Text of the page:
It was a memorable evening that took place on July 1st, 1858 at the Linnean Society in London. Two natural scientists presented their scientific theses that were to change the world a short time later: modern evolutionary biology. However, both protagonists shone with their absence, their studies were read out and the evening of the lecture turned out to be »a delicate arrangement«, a delicate arrangement. This is how the US journalist Arnold C. Brackman described the events in retrospect in the 1980s. Because it was about Charles Darwin (1809-1882) being the first to solve the question of the origin of species and to publish his explanation.
A few weeks earlier, Darwin had received mail from overseas. The naturalist Alfred Russel Wallace (1823-1913) was in the Moluccas in present-day Indonesia. He sent a manuscript to England in which he set out in about 20 pages the principle behind the change in species. The question had occupied him for years, but now, after many expeditions, Wallace had the decisive idea just as he was suffering from a fever attack from malaria.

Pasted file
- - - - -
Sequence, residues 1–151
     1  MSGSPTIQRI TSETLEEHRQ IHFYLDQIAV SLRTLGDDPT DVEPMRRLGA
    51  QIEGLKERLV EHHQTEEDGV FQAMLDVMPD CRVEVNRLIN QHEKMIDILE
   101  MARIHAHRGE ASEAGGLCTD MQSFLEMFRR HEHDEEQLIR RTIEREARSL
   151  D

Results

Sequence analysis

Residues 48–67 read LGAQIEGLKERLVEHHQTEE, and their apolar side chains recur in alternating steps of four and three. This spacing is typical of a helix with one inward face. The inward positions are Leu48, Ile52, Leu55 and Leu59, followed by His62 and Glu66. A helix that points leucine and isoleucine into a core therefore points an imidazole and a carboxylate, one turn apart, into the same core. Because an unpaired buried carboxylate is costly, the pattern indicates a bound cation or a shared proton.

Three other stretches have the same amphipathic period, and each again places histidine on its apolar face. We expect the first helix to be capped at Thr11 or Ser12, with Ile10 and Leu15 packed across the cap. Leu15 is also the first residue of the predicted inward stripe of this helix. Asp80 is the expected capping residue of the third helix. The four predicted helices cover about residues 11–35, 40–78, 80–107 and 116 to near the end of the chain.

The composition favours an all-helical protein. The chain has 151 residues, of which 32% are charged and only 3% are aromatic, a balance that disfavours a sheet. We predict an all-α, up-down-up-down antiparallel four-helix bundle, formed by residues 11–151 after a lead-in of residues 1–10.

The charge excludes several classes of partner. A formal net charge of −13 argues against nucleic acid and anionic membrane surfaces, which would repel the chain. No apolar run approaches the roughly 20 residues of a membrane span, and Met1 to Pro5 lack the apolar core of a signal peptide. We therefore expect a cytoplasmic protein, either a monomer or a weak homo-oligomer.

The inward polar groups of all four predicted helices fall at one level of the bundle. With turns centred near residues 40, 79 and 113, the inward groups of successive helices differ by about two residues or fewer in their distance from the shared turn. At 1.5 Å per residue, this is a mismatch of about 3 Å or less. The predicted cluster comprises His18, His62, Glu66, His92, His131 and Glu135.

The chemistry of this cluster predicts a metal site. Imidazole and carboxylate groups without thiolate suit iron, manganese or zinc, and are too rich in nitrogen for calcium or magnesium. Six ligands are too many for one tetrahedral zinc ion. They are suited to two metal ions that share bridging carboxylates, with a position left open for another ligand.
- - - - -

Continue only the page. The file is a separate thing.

He sent his text, which is now known as the Ternate Manuscript, to Darwin by mail steamer because his fellow researcher had been dealing with the species question for many years. The two natural scientists had been in a loose correspondence for some time. Little did Wallace know: Darwin already had a solution ready, but it had been in the drawer for many years; Darwin was not yet ready to publish them. And his explanation was: natural selection.
Darwin feared being considered a plagiarist
Darwin thus described the most important building block of evolution. He came to the realization that there is a natural variation in the expression of traits and that the individuals best adapted to their living conditions survive and produce more offspring. After reading Wallace’s manuscript, Darwin was shocked. “Never have I seen a more startling coincidence. If Wallace had my draft from 1842 in front of him, he couldn’t have made a better short excerpt from it,” he complained, worried that his solution to the species question would only be considered a plagiarist.